I think of him at every group singing at Alabama, where I’d glance over to the tenor section and Allen’s thoughts of the song we were singing would be all over his face - pure joy. I think of Stamps-Baxter 2014, where Allen was playing for our quartet, and criticizing all of our tiny mistakes (with love, of course). But my favorite memories of all, are the ones that didn’t seem so important at the time - the cafeteria talks during lunch hour, the water fights in the parking lot on the hot days, sitting on the stairs of the auditorium on the morning of recording days; the countless Sonic trips, or even the five-hour car ride to my very first year of Alabama in June 2013, where Allen looked into the backseat and told me, “Your life is about to change, kid.” And it certainly has, for a million more reasons than one. Because of the school, because of life-long friends......because of Allen.

I cherish these moments the most: the priceless conversations that built our friendship.

To Brother Acy and Ms. Sheree, thank you for sharing him with us. Aside from his God and his family, nobody loved him more than his singing school family. And we love you all also.

- M’Kayla Duncan, student 2013-2017


I first met Allen at music school eight years ago. He was a pianist, and I had always wanted to be a pianist, but I didn’t really get to know him that first year. Fast forward a few years to a small music school in West Virginia. I signed up for private piano lessons, and he was my teacher. He told me to focus on my basic fill patterns, and showed me how to put fills in a basic “boom-chuck” pattern. I use those patterns now in my job of playing for a quartet. Not long after this, Allen was diagnosed with cancer. Through his trials, he encouraged others and showed what life is really about. Last winter, I was going through a rough patch in life, and I got a message from Allen pointing me to a Facebook post he had written. It had the message I needed at that moment. It was a very monumental turn in my life, and I still read that message when I need encouragement. I am very grateful to have met Allen, and to have had the chance to hear him say that life is a gift.

– Evan McGurrin, student 2010-2015, 2017-2018


Allen was one of my dearest friends. One of my fondest memories was one early morning we were getting ready for a church service and we were sitting around a piano. We were waiting for everyone else to be ready to go, and if you know Allen, you know he was playing away. I had been having a rough time and asked if he would play a song for me to sing. He said "Of course, V. Which one?" It was "Through the Fire" by the Crabb Family. This morning I’m speaking of was a few days before he was diagnosed, and he got this look in his eye and started to play. Together in our pain, mine emotional and his physical, we had church together! Just he, I, and God were in that room that day. I still have the recording on my phone and will cherish it always. He was one of my truest and most loyal friends. I could always trust that he had my back and was praying for me. I will miss him terribly.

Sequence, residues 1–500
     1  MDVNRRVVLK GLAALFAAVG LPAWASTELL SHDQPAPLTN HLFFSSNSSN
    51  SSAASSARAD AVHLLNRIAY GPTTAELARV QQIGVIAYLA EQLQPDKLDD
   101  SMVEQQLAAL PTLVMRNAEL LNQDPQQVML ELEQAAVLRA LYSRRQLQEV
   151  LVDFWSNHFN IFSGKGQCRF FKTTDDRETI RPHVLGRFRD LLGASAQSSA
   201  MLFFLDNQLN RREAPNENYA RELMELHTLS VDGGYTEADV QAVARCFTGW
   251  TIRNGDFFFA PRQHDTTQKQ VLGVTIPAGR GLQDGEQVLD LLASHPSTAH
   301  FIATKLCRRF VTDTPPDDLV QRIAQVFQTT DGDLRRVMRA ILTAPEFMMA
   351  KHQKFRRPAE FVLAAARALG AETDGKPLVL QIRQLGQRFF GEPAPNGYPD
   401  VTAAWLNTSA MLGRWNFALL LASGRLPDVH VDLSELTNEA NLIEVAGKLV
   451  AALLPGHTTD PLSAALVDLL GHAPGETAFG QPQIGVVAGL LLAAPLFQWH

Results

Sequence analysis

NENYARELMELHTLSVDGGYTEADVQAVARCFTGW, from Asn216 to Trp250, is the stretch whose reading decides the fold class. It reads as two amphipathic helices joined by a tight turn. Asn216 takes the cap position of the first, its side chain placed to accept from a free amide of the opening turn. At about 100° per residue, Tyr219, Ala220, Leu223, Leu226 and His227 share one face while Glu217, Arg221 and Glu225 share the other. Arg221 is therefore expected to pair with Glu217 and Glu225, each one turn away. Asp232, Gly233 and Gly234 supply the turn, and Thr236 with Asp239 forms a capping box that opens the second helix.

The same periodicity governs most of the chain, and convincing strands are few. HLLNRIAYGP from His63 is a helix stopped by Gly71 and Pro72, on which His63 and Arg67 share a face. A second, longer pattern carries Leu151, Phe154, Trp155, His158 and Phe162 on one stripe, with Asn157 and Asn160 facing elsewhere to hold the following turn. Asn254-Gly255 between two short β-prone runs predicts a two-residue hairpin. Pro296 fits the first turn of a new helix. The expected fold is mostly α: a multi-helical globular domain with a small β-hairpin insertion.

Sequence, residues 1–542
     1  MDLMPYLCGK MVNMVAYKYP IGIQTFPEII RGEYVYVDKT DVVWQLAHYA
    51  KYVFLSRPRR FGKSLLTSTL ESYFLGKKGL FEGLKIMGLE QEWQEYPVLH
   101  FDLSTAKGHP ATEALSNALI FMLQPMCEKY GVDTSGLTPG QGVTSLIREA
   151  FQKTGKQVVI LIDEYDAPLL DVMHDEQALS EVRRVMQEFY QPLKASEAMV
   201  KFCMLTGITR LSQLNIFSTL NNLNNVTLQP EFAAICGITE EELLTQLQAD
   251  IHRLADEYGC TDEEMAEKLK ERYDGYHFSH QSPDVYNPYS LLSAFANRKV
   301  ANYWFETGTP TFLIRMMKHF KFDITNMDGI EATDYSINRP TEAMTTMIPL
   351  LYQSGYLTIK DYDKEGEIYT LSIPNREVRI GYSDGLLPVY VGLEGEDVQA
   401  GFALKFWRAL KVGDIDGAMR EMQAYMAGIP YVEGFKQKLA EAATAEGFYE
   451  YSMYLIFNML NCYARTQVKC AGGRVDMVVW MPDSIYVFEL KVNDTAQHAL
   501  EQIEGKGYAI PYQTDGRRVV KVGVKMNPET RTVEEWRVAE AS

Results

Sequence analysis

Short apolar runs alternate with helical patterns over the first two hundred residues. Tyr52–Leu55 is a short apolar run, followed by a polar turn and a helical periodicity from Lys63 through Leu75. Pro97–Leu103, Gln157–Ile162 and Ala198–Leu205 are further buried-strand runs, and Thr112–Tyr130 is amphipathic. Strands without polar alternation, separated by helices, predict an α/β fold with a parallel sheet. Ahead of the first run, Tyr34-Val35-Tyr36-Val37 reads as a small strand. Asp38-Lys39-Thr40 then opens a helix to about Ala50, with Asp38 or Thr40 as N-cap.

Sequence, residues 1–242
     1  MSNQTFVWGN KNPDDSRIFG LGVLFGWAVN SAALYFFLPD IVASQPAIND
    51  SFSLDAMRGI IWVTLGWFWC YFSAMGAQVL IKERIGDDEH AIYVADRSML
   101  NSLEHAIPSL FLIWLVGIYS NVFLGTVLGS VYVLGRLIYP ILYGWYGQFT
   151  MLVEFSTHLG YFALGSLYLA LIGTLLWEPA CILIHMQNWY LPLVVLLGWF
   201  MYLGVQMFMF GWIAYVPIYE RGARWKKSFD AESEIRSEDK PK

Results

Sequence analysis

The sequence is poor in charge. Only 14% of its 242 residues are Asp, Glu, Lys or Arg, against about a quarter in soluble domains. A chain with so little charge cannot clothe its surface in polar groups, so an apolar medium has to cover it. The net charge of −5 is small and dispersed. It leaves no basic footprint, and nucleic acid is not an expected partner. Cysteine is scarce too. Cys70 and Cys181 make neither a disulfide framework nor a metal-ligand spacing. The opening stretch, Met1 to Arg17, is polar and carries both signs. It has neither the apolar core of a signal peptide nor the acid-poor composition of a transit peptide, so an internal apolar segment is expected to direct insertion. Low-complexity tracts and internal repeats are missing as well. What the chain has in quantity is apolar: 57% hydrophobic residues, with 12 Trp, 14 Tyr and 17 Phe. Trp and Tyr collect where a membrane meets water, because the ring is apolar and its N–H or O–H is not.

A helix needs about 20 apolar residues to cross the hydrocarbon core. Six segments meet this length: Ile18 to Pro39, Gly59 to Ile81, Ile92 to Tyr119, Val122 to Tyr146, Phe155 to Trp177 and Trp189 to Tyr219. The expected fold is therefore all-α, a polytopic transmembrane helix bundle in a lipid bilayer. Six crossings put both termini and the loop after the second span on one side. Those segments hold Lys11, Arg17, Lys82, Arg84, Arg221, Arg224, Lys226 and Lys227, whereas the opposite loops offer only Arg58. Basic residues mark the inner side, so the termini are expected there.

– Savannah Davis, student 2011-2013


I had the distinct pleasure of going through singing school with Allen for a good three or four years, during which we had the opportunity to train together under Tracey Phillips. Now, Tracey had a way of encouraging a healthy competition between her students, and I’d say that’s what happened between Allen and myself. We pushed each other to be better in ways that no one else could’ve pushed us, but in a good way. This shared drive between us is what I think started the bond of what ended up being a great friendship. It’s what gave us a mutual respect for each other. And that’s the biggest feeling I had, and have, towards Allen, respect. You see, Allen was someone who had every reason to walk around with a chip on his shoulder, but nothing took his mind off of whatever mission he was on. He was focused and driven. It’s hard not to respect a guy like that.

– Caleb Aultman, student 2013-2014


Allen’s talent and ability were impressive, but that’s not what made an impact on my life. The excitement and sheer joy that I saw ooze from him while played piano gave evidence of someone who believed the message of the songs he played. In group singing he’d punch me and tell me to sing the right notes when I missed, and he’d get blessed over the songs, and it would make me stop and think about the lyrics, and I’d get blessed too. He was an excellent musician and an excellent Christian, and I’m thankful for the Godly example he lived every time I saw him. I want people to see Christ in me when I sing or talk or anything that I do - like I saw Christ in Allen.

- Caleb Sauvageot, student 2008, 2010-2017


When Allen just found out he had cancer, Emily, Savannah, my parents, and myself drove down to Louisiana to be with him, and we sang at his church that Sunday. We ended up singing the whole service, and Acy and Sheree spoke. Right before I did a solo, which I didn’t know I was going to do, Allen gave this speech, and it was tough trying to sing “My God is Enough for Me” after it:

“No matter what trials come in this life. I don’t care if it’s health because He’s the Great Physician. I don’t care if it’s money because gold to him is street pavement. I don’t care if it’s relationships because He’s the healer of all men. Whatever your problem is, as long as you have that promise of Jesus, you can live to fight another day. I know I’m going to be healed. Whether it be in this body or the next, I don’t know, but let me tell you something. I can walk though this trial unafraid because my God is enough for me. Unashamed I can cry, for on his strength I can rely. This isn’t my strength. This is His strength. I’m scared. I don’t know what’s going to happen tomorrow, but on his strength I can rely because my God is enough for me.”

– Jacob Deerman, student 2012-2015